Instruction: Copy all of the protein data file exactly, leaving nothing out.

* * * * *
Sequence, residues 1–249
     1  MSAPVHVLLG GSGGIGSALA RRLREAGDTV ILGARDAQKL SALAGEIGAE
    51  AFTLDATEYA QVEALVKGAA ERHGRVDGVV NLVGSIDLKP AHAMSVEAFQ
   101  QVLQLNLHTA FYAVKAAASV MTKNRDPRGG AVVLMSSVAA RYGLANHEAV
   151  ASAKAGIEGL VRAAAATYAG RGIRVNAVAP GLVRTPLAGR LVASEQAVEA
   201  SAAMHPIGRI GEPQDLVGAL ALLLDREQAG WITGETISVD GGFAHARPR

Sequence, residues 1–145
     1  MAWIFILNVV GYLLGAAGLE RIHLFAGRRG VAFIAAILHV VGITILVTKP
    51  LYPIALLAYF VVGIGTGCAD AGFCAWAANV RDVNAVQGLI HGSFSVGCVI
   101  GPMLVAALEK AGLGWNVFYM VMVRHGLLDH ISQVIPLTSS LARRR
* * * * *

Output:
Sequence, residues 1–249
     1  MSAPVHVLLG GSGGIGSALA RRLREAGDTV ILGARDAQKL SALAGEIGAE
    51  AFTLDATEYA QVEALVKGAA ERHGRVDGVV NLVGSIDLKP AHAMSVEAFQ
   101  QVLQLNLHTA FYAVKAAASV MTKNRDPRGG AVVLMSSVAA RYGLANHEAV
   151  ASAKAGIEGL VRAAAATYAG RGIRVNAVAP GLVRTPLAGR LVASEQAVEA
   201  SAAMHPIGRI GEPQDLVGAL ALLLDREQAG WITGETISVD GGFAHARPR

Sequence, residues 1–145
     1  MAWIFILNVV GYLLGAAGLE RIHLFAGRRG VAFIAAILHV VGITILVTKP
    51  LYPIALLAYF VVGIGTGCAD AGFCAWAANV RDVNAVQGLI HGSFSVGCVI
   101  GPMLVAALEK AGLGWNVFYM VMVRHGLLDH ISQVIPLTSS LARRR